Newborns face unique immunological challenges immediately after birth. As they depart a relatively sterile fetal environment, they are abruptly exposed to a multitude of foreign antigens, the major burden of which is in the form of the microbiota newly colonizing the gastrointestinal tract.
These rapidly multiplying foreign invaders represent, by far, the biggest threat to the neonatal immune system, which has to recognize and classify these organisms as benign, commensal or pathogenic.
Research shows that effective "crosstalk" or communication between early microbes and mucosal immune cells is essential to the formation of healthy microbial communities and promotion of a well-functioning immune system.
The cells of the immune system that participate in mucosal immunity develop in an organ called the thymus located under the breastbone above the heart. Until now, it has been unclear if intestinal microbes influence the development of these cells in the thymus in early life.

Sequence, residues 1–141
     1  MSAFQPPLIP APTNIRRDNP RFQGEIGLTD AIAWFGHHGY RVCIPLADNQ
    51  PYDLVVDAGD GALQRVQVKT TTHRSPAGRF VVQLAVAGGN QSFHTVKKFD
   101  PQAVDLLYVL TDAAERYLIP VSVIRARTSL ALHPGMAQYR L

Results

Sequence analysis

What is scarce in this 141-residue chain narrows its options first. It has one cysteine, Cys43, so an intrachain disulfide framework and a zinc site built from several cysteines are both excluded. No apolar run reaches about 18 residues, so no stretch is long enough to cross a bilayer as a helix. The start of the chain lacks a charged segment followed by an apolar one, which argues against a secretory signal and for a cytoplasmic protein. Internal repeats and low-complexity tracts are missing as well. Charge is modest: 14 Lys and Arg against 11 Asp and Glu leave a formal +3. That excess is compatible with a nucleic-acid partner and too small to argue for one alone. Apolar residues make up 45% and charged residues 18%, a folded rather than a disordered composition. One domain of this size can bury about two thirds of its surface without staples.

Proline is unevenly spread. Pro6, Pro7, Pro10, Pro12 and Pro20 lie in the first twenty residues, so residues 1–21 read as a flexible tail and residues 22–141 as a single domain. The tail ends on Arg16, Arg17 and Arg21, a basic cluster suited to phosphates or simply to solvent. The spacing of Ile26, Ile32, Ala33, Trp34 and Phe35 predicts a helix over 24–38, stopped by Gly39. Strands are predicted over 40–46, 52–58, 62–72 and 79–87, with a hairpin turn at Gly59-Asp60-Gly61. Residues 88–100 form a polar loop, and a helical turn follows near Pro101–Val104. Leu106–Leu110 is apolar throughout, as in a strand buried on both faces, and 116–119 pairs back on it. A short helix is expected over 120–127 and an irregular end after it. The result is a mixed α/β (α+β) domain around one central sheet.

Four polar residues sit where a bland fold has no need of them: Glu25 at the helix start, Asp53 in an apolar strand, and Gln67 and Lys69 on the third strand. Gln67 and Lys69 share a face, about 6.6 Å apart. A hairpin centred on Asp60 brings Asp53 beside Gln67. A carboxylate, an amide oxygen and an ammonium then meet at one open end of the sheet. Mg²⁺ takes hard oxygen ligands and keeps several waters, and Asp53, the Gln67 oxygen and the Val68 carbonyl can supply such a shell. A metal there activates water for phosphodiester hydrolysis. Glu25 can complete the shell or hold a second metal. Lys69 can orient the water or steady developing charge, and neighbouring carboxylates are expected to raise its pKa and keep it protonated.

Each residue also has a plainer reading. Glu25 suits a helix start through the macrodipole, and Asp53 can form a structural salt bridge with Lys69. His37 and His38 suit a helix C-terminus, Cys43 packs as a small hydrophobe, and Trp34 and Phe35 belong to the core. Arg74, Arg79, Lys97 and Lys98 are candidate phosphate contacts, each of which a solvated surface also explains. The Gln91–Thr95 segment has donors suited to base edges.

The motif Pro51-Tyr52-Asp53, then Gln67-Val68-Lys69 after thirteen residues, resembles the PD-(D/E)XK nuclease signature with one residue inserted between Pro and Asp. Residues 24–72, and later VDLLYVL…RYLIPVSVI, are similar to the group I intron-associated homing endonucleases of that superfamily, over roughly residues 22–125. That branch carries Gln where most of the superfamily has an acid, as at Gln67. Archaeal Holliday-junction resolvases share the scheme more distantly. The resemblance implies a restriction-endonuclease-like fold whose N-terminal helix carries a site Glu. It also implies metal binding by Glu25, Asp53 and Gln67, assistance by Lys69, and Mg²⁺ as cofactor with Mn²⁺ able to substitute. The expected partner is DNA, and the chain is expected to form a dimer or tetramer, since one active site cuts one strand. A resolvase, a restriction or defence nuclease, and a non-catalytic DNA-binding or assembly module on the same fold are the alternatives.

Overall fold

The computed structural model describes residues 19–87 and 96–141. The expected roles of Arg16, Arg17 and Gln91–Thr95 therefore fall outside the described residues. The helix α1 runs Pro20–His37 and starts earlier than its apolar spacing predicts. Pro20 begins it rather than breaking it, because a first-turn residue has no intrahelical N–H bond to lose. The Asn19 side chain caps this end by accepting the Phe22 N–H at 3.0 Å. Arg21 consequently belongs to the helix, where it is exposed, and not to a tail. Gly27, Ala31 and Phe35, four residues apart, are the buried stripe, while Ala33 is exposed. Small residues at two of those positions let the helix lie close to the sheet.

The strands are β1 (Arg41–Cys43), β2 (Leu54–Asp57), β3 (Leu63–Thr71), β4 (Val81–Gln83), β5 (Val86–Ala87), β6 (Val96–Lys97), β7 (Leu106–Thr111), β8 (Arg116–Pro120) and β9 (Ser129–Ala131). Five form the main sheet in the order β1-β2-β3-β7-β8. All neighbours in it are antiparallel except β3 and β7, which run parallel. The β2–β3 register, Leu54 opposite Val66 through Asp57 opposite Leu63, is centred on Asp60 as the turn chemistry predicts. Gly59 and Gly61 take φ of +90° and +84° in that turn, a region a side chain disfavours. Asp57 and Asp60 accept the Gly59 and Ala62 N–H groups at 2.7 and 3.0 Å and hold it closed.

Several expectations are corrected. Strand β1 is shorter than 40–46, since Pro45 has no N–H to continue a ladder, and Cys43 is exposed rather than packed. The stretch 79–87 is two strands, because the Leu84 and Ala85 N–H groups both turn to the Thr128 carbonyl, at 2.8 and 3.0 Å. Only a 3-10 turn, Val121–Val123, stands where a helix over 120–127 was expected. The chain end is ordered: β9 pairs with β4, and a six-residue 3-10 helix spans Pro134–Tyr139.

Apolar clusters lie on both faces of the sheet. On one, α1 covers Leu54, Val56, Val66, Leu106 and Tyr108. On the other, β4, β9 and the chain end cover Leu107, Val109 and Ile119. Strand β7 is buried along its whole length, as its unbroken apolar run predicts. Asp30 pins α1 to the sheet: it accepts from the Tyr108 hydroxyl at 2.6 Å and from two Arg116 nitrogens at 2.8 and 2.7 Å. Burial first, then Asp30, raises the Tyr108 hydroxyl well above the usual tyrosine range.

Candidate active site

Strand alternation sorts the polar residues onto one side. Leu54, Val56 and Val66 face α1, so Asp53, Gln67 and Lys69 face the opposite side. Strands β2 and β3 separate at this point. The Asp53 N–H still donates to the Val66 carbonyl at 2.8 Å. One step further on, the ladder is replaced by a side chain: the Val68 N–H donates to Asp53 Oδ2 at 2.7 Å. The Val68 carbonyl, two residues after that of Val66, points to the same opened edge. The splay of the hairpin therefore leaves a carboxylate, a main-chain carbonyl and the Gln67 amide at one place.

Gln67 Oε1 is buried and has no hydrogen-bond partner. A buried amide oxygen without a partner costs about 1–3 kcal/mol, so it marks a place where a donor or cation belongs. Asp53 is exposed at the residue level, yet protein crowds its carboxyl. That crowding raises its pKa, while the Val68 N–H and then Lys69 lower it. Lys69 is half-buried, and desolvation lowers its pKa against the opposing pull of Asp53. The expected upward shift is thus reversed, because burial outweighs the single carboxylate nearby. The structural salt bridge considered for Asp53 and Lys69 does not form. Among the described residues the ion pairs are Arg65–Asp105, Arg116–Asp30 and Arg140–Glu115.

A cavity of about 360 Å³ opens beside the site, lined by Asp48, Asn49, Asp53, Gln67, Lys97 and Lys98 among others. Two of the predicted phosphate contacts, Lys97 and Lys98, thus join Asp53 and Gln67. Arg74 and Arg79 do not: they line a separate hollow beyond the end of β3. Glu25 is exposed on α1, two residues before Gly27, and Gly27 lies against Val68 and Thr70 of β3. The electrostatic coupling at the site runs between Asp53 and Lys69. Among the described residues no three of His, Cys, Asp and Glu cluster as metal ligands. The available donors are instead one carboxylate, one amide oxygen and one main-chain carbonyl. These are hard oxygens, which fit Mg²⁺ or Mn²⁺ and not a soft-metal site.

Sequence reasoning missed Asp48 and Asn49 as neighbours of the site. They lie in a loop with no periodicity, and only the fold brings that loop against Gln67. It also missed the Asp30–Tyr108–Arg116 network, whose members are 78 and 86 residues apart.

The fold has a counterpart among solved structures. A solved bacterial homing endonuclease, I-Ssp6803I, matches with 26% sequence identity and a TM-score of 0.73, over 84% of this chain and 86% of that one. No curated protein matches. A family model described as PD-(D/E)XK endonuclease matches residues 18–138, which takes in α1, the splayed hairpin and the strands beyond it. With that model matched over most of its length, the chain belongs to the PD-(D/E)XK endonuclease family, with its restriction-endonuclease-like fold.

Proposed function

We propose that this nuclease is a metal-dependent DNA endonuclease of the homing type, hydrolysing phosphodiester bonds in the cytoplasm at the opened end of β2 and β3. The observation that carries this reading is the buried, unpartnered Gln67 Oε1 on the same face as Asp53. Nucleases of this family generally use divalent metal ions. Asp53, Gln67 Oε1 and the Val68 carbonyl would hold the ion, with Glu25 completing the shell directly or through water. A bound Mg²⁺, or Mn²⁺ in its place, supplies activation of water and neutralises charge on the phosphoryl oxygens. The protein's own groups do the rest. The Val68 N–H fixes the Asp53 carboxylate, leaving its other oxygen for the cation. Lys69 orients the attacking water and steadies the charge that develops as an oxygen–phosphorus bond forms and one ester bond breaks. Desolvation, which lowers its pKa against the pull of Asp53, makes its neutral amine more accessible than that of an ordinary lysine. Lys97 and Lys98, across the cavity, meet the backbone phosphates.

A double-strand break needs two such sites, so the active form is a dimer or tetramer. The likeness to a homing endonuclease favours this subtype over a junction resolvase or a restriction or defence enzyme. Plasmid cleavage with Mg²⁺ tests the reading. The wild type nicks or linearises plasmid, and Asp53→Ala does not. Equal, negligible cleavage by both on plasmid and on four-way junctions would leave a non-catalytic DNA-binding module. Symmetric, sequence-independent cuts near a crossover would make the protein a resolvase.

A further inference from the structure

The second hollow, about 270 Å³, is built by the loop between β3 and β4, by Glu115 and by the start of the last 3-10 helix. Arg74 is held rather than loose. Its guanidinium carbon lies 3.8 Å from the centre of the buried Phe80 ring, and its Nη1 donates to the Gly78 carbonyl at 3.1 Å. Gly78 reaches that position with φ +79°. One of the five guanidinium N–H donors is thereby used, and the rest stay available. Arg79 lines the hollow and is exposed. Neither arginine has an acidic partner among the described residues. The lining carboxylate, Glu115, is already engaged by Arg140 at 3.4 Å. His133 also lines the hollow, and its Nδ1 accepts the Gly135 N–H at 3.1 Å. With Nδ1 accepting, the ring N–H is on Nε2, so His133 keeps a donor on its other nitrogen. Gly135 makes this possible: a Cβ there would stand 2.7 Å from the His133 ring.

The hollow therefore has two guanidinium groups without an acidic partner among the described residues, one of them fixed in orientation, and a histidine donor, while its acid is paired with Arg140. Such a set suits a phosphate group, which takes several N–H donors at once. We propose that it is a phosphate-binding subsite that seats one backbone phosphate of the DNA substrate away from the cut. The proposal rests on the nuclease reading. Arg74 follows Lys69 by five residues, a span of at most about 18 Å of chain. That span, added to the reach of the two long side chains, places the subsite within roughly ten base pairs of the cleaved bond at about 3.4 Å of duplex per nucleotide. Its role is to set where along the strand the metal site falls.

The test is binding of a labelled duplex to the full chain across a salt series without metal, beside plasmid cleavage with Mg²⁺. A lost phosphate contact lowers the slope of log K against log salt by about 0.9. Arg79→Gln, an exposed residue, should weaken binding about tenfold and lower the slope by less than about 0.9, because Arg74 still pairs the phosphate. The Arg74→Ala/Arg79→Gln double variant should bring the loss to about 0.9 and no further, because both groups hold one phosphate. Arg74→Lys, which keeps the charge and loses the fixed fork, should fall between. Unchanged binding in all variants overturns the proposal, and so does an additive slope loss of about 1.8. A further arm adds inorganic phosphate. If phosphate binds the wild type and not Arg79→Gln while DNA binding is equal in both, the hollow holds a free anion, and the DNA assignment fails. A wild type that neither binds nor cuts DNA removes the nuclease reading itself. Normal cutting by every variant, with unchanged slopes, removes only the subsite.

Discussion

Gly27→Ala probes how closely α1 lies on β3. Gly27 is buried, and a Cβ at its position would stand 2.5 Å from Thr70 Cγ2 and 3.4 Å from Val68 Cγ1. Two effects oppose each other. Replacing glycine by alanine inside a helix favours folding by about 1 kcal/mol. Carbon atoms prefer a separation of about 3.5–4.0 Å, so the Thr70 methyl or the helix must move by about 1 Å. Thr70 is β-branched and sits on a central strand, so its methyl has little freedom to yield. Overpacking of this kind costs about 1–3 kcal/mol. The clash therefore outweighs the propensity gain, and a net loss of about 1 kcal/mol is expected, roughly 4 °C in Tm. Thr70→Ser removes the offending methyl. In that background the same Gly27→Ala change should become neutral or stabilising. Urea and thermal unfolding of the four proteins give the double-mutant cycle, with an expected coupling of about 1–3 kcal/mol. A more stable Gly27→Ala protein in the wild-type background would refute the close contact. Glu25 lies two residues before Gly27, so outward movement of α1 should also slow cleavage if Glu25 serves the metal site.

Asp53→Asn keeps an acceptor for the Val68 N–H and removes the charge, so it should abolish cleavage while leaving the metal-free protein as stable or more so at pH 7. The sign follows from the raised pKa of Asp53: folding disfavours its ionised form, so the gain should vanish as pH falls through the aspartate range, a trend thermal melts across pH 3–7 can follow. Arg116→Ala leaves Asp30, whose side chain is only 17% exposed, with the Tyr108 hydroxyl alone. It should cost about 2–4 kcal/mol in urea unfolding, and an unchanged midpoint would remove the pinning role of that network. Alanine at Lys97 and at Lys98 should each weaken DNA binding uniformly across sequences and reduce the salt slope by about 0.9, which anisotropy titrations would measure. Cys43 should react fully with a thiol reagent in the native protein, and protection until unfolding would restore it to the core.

Researchers at the Mucosal and Immunology Biology Research Center (MIBRC) at Massachusetts General Hospital now report that gut microbes regulate the development of specialized immune cells in the thymus that play a critical role in mucosal tolerance.
The findings of their extensive research were published in Proceedings of the National Academy of Scienc e, USA this week. Nitya Jain, PhD, and colleagues focused their studies on a subset of immune cells that express the transcription factor PLZF.
These cells, collectively called innate and innate-like lymphocytes, typically function at the gut mucosal barrier interface and provide immune protection at mucosal sites.
To study the development of these immune cells in the context of gut microbes, researchers monocolonized germ-free mice with a model human commensal, Bacteroides fragilis, and demonstrated that this single species of bacteria could restore the development of PLZF+ innate and innate-like lymphocytes in the thymus of infant mice.
In further proof-of-concept studies, they showed that a mutant B. fragilis lacking expression of Polysaccharide A (PSA) was unable to do the same, suggesting that specific microbial antigens could regulate this early life developmental process.
A similar deficit in these cells was observed in mutant mice that lacked the expression of Toll like receptor 2, a receptor that recognizes bacteria and bacterial components, including B. fragilis PSA, to initiate host protective immune responses.
To understand how this microbial message was delivered to developing thymic cells, Jain's group used a novel mouse model to track the migration of cells from the colon to the thymus.
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